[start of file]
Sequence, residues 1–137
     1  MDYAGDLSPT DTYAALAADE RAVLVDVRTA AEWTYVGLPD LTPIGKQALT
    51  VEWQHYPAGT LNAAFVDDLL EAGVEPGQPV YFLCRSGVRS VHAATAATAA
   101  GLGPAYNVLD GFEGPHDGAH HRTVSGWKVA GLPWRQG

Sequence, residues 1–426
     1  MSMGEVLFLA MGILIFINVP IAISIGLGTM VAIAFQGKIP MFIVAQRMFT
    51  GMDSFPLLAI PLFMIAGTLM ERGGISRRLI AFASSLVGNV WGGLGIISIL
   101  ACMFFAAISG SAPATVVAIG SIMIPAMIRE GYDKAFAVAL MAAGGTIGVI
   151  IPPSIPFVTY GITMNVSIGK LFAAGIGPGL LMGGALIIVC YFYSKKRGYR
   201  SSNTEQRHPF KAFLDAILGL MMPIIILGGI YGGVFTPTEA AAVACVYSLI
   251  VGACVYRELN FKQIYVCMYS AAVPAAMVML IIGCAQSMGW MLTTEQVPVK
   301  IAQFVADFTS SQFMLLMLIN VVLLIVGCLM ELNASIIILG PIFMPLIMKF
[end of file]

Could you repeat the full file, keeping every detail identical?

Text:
Sequence, residues 1–137
     1  MDYAGDLSPT DTYAALAADE RAVLVDVRTA AEWTYVGLPD LTPIGKQALT
    51  VEWQHYPAGT LNAAFVDDLL EAGVEPGQPV YFLCRSGVRS VHAATAATAA
   101  GLGPAYNVLD GFEGPHDGAH HRTVSGWKVA GLPWRQG

Sequence, residues 1–426
     1  MSMGEVLFLA MGILIFINVP IAISIGLGTM VAIAFQGKIP MFIVAQRMFT
    51  GMDSFPLLAI PLFMIAGTLM ERGGISRRLI AFASSLVGNV WGGLGIISIL
   101  ACMFFAAISG SAPATVVAIG SIMIPAMIRE GYDKAFAVAL MAAGGTIGVI
   151  IPPSIPFVTY GITMNVSIGK LFAAGIGPGL LMGGALIIVC YFYSKKRGYR
   201  SSNTEQRHPF KAFLDAILGL MMPIIILGGI YGGVFTPTEA AAVACVYSLI
   251  VGACVYRELN FKQIYVCMYS AAVPAAMVML IIGCAQSMGW MLTTEQVPVK
   301  IAQFVADFTS SQFMLLMLIN VVLLIVGCLM ELNASIIILG PIFMPLIMKF